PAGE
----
A new report rating 10 companies on their animal welfare policies shows some promote exploitative experiences like elephant rides and cub petting.
Published February 24, 2023
9 min read
Some international travel companies promote activities that exploit animals, according to a new report by World Animal Protection (WAP), a U.S.-based animal welfare nonprofit.
The report assesses companies’ public animal welfare policies, their efforts to include wildlife-friendly options, and whether they feature interactive animal attractions that cause “irreparable and lifelong harm,” such as elephant rides, dolphin shows, and cub petting. The University of Surrey, in the U.K., carried out the independent analysis.
The report examined 10 companies that offer activities or experiences with wildlife: Airbnb, Booking.com, Expedia, GetYourGuide, Groupon, Klook, The Travel Corporation, Trip.com, TripAdvisor’s Viator, and TUI Musement.
“These companies would likely agree that they are a trusted resource for their customers,” says Cameron Harsh, programs director at World Animal Protection. “Whatever they put out—in terms of an option for people to book or information about a venue—is going to be perceived a certain way by their customers as ‘this is acceptable to do.’”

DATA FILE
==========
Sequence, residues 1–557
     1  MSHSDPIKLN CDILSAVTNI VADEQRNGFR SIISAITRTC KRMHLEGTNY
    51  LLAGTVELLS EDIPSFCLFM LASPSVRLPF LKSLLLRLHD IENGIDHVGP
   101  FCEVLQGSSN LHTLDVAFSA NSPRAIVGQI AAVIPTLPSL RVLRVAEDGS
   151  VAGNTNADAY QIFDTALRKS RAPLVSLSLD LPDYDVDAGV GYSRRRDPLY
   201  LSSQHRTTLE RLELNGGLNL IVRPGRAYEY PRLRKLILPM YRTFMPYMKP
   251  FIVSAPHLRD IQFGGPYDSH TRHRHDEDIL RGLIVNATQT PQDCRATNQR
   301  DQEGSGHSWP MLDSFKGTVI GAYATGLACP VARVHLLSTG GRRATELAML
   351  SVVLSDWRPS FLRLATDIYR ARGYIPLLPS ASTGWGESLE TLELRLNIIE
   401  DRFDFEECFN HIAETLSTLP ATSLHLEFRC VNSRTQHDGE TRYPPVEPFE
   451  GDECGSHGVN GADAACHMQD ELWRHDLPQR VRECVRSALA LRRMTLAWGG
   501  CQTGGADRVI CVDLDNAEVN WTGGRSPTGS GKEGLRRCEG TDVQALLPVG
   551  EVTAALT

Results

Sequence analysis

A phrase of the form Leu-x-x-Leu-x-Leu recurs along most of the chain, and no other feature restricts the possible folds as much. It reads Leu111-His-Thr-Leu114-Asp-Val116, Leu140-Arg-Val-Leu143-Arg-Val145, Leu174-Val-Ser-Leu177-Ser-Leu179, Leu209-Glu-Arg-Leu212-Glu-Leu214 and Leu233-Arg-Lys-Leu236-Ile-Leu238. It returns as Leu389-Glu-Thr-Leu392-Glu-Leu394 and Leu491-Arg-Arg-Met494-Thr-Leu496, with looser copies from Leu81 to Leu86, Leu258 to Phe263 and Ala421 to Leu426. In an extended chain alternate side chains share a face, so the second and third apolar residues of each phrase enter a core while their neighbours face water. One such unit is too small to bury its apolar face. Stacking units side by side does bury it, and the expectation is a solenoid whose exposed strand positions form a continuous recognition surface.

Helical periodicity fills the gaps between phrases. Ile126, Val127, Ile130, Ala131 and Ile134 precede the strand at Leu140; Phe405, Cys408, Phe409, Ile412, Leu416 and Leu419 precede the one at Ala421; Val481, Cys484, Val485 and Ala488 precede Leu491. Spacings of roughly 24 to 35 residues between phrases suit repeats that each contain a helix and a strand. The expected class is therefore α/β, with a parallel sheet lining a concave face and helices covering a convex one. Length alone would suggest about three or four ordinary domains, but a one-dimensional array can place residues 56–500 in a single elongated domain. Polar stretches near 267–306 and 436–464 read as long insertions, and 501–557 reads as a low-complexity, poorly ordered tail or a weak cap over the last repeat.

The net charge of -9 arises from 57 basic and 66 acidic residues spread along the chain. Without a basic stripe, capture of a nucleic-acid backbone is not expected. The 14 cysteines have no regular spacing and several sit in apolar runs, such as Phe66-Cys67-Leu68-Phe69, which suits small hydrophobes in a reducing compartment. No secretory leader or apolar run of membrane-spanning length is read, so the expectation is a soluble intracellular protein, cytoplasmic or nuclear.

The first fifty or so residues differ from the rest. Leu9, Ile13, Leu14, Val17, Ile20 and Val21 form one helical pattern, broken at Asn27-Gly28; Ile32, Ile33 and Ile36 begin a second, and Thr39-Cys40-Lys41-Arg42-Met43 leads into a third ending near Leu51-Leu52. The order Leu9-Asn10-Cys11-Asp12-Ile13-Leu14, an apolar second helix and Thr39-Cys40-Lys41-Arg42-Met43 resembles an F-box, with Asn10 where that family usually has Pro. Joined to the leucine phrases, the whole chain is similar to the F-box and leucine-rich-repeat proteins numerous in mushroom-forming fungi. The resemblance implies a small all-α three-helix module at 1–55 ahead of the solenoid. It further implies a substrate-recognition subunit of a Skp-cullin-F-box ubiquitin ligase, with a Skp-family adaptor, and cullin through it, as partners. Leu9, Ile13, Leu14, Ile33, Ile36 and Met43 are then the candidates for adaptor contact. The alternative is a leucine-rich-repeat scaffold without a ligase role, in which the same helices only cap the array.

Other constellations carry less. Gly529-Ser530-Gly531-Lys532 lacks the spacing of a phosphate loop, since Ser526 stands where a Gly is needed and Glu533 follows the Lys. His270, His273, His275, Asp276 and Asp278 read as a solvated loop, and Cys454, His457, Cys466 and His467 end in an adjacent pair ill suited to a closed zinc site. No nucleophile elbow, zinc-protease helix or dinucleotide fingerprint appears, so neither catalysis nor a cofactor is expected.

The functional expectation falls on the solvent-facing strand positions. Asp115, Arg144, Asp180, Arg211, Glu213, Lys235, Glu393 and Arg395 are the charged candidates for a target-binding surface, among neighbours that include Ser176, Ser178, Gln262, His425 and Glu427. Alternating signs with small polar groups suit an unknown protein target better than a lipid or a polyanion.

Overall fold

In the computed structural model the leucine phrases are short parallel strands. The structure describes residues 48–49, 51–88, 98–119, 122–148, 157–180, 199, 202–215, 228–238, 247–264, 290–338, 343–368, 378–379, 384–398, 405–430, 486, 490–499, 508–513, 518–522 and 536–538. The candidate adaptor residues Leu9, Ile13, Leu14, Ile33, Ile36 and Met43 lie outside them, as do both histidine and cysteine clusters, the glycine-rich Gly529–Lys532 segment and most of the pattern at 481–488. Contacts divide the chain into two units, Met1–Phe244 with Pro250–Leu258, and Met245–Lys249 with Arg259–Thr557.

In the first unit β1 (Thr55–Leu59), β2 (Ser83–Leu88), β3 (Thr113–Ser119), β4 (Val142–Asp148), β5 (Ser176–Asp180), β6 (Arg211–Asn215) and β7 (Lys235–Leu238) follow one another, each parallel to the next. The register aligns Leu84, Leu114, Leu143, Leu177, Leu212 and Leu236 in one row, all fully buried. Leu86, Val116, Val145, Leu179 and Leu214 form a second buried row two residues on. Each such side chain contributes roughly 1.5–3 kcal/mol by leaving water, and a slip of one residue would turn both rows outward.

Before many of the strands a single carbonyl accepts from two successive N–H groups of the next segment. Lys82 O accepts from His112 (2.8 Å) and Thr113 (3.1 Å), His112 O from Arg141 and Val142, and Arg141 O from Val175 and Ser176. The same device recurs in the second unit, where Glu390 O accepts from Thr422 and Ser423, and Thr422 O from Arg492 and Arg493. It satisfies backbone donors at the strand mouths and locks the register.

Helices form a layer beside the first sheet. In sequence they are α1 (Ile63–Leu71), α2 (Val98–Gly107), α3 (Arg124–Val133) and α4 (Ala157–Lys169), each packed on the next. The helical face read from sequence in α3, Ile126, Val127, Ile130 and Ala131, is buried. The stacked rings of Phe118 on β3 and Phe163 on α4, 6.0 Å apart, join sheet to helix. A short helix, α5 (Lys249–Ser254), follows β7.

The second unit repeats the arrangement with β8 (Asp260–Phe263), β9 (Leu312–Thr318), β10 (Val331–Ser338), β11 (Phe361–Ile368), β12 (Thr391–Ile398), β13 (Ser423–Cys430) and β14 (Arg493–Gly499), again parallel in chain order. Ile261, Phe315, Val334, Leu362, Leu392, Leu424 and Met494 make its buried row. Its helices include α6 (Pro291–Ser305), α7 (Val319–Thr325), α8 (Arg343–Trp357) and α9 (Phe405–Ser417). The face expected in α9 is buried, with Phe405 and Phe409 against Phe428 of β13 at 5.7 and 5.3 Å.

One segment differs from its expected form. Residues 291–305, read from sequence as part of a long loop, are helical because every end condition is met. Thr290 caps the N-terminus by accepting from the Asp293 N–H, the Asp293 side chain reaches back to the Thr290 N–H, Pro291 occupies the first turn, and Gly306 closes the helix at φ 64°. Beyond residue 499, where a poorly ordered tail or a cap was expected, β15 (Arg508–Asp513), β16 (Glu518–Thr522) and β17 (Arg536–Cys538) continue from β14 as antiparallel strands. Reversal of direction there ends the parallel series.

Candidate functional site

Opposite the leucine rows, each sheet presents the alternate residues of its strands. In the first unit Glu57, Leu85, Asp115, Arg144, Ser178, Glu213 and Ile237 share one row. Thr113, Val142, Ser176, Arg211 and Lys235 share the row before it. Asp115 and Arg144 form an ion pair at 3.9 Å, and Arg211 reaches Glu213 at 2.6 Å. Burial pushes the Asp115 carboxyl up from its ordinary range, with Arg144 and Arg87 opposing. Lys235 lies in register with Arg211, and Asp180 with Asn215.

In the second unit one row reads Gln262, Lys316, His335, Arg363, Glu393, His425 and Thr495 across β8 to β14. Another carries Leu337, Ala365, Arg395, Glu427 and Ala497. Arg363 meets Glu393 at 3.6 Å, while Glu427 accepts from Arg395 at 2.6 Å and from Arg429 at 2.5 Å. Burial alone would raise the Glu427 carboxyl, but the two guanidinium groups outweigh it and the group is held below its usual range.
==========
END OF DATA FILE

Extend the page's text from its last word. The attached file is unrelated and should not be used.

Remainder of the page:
Up to 6 million people visit wildlife tourist attractions every year, according to a 2015 study, and a 2019 survey by World Animal Protection of 12,000 people in 12 countries showed that nearly 80 percent of travelers said they’d pay more for activities that assured animals didn’t suffer. The organization’s new report gives guidance on “what companies are protecting wild animals and which are failing them, with the hopes of putting that pressure point on them,” says wildlife campaign manager Nicole Barrantes. (Learn more about how to engage in ethical wildlife tourism.)
Top scorers for their animal welfare policies were the California-based Travel Corporation, with 75 percent, and Airbnb, with 67 percent. Neither Hong-Kong based Klook, which connects travelers and local tour operators, nor U.S.-based Groupon has animal welfare policies. Both received the lowest rating of 4 percent.